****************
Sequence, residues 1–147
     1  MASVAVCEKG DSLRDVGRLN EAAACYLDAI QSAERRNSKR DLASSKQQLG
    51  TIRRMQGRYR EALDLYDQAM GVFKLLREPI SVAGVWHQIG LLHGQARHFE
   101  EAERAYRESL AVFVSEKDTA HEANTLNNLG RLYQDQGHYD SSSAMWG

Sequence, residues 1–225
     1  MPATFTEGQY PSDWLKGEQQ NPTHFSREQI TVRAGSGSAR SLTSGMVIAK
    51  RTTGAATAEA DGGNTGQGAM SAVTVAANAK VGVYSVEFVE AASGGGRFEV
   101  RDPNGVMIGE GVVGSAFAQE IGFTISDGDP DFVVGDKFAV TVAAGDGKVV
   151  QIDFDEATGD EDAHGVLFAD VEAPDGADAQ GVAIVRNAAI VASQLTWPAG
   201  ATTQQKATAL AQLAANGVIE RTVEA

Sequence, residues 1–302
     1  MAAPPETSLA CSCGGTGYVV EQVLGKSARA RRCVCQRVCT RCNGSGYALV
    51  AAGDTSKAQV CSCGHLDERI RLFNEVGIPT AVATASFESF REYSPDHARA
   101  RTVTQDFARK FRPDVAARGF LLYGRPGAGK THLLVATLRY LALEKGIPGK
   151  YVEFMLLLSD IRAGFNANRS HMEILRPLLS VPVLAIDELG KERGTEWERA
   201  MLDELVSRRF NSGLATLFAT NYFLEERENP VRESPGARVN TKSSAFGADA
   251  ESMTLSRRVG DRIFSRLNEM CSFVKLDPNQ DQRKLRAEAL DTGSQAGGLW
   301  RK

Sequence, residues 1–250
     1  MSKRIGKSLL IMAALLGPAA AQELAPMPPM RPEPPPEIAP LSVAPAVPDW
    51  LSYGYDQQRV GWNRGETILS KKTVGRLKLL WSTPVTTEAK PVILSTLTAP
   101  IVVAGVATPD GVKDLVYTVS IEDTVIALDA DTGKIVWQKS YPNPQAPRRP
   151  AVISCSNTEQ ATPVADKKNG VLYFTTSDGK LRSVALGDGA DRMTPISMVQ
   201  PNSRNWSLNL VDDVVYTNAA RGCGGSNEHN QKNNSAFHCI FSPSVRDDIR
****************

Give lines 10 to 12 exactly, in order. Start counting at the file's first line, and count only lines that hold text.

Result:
   201  ATTQQKATAL AQLAANGVIE RTVEA

Sequence, residues 1–302
     1  MAAPPETSLA CSCGGTGYVV EQVLGKSARA RRCVCQRVCT RCNGSGYALV